The partisans in favour of the UK leaving the European Union (EU) prevailed with almost 52 percent of the votes cast in the referendum on 23 June 2016. The turnout was around 72 percent of the electorate, an impressive number. But is the UK really on its way out? I am not so sure.
What I am certain of is that this will not be a simple process. It will be complicated, complex and long, probably much longer than the three-year window presently being discussed. If the UK activates the EU article 50 clause that triggers the dis-membership process at the end of 2016, as seems to be the present intention of Theresa May’s government, the earliest Brexit date would be the beginning of 2019.
But note that neither London nor Brussels appear to have the first clue as to how to proceed. Having not at all anticipated the victory of the BREXIT camp, they have no plan and find themselves in more or less total disarray.
Moreover, a lot could happen moving forward that could call the overall logic of BREXIT into question.
First, there is the economic situation. After a downturn after the referendum, the British pound now seems to have stabilized. The real question, though, is what will happen to the UK economy as the uncertainty surrounding BREXIT strengthens. The UK economy has profited from large-scale investment from other EU members, the US, China, and many other countries because of its language, its rule of law, and its preparedness to accommodate folks from other parts, both rich and less so. But under the current circumstances, would you put your money into the UK?
A second issue is historical. The EU’s evolution is littered with referenda. Almost invariably, an anti-EU referendum result has been succeeded by a rerun in which a pro-EU position has prevailed. Admittedly, the Brexit referendum is the most challenging one that has come the way of the EU since its inception. That said, why should we expect Britain’s referendum experience to depart from the norm?
Then there are the constitutional issues. For example, Scotland, whose population voted to stay in the EU, as did that of Northern Ireland and Gibraltar, might very well withhold its approval of a UK parliament decision to leave the EU. This would probably not block a BREXIT but could spawn a constitutional crisis of the first order. Moreover, even if the British government does not need to obtain a mandate from parliament to activate Article 50, this body has an anti-BREXIT majority; sooner or later, it will be asked to nullify the UK’s EU accession agreement of 1973. Then too, the European parliament, with its representatives from 27 countries, will be called upon to approve any UK-EU BREXIT deal.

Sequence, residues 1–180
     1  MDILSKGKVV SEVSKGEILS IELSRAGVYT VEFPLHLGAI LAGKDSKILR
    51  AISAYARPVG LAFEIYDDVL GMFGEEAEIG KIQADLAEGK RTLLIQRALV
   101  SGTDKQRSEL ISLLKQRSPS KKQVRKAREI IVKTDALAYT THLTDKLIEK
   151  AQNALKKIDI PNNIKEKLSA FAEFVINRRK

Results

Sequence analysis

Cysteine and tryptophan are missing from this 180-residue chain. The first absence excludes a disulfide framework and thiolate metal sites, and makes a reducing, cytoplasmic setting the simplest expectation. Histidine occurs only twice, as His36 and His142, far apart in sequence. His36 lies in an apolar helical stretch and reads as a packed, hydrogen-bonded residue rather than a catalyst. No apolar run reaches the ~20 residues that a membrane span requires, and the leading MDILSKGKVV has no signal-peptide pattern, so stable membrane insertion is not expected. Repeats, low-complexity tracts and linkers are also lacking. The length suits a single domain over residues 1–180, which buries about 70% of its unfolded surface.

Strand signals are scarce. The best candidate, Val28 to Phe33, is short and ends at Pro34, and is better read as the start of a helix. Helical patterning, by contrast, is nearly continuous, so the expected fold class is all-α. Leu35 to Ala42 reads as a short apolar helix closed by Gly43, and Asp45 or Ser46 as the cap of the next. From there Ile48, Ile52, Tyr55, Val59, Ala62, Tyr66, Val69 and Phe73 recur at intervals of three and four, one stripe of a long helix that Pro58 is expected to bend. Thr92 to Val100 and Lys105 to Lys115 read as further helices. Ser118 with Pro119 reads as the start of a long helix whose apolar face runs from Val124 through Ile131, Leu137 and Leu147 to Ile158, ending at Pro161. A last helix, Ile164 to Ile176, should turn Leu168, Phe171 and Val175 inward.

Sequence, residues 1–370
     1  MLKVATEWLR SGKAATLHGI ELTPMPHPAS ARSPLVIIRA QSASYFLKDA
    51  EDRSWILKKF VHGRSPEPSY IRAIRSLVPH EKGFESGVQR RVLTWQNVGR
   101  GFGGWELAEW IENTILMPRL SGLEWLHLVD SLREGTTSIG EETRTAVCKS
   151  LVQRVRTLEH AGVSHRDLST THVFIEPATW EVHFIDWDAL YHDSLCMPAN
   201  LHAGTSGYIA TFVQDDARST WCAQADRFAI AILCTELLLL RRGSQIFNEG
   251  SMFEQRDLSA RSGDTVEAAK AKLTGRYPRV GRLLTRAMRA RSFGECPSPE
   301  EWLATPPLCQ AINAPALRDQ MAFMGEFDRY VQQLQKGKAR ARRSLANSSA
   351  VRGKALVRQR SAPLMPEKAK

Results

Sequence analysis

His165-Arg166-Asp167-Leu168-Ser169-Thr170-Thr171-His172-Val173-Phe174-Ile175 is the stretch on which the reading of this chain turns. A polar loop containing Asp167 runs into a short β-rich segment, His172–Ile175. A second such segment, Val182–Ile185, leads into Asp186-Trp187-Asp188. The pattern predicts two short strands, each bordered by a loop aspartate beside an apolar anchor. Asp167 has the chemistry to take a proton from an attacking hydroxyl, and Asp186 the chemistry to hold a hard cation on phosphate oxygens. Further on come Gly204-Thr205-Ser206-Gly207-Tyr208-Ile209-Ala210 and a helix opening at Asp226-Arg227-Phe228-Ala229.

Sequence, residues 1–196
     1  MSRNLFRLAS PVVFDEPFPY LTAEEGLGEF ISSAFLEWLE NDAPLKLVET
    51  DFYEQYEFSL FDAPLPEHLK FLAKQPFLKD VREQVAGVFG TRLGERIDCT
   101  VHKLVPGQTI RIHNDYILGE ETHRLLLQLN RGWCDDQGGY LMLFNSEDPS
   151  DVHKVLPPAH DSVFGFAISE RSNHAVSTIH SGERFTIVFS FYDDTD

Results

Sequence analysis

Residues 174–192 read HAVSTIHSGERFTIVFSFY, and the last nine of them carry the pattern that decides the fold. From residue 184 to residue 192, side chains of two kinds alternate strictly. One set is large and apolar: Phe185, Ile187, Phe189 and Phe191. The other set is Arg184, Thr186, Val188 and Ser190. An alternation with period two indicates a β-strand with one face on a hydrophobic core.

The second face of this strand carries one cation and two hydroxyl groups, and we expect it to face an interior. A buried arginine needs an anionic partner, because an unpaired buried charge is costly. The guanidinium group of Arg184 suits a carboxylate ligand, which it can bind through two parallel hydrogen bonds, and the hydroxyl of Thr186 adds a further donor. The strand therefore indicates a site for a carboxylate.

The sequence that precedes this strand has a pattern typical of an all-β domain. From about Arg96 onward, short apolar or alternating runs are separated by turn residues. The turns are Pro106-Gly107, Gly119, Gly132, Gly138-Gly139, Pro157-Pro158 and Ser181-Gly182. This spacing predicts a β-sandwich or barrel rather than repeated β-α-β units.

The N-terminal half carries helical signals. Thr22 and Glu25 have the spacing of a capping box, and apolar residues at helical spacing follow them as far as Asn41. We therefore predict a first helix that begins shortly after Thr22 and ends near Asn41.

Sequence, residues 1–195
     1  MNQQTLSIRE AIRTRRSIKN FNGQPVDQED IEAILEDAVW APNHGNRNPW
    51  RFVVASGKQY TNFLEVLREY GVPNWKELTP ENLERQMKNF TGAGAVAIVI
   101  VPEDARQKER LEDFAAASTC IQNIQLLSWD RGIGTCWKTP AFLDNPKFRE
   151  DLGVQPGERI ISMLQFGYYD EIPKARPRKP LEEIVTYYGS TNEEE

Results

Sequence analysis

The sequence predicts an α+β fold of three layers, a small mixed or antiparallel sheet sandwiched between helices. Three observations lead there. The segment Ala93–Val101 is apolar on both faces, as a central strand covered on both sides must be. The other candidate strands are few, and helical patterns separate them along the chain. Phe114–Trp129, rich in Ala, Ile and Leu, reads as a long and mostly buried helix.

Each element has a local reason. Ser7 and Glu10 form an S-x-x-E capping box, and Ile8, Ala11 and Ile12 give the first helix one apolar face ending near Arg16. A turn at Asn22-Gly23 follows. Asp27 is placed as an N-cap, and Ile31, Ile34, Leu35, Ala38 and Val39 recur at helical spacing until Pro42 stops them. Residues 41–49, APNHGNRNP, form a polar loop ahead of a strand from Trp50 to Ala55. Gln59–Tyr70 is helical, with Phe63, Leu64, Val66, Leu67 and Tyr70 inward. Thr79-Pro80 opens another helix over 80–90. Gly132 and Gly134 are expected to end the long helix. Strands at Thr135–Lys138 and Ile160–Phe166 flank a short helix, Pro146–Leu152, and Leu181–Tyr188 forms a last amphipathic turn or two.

There are also a number of related developments that could transform the political environment. The UK could experience a change of government in the lead-up to a BREXIT. That government could argue that it had neither introduced nor favoured the referendum in the first place, and that it was free to restate and repose the question. This would, of course, be easier for a government that was neither Conservative nor Labour. However, in view of the shifts at work in the British political party environment, this is anything but unthinkable.
Finally, there is the strategic dimension. BREXIT will be completed at the earliest in 2019. Think back three years ago. Then, the refugee flows into the EU had not yet assumed historical proportions. Ukraine had not yet to cope with a crass infringement of its sovereignty and the presence of foreign soldiers on its territory. Syria was still a relatively manageable problem with no Russian presence.
And think forward three years, and all the things that could happen as the present becomes future.
My sense of the UK is that when strategic push comes to shove, it shoves, especially if the US is at its shoulder. The UK would not want to see the European security environment descend into chaos as it has done on far too many occasions in the past. If, under such circumstances, it thought a BREXIT would make a critical situation worse, the British Government would likely do its all to prevent the additional destabilization that a BREXIT would import.
At the same time, one can argue that not to invoke article 50, or to attempt to disregard it once it had been, could carry considerable electoral risks for the party in power in London. On the other side of the Channel, the default position of governments would likely be to favour minimizing uncertainty once article 50 had been invoked – and getting it over with as soon as possible.
A last and potentially decisive consideration is the number of EU countries possibly considering referenda similar to the one that was held in Britain. The extreme-right in countries as France and Holland could succeed in their quest for power and organize – as they have promised they will do – a referendum on their country’s membership in the EU. Should they succeed, a BREXIT would likely become unstoppable, as would the disintegration of the EU.
So, the road ahead looks likely to be a long one, and anything but linear.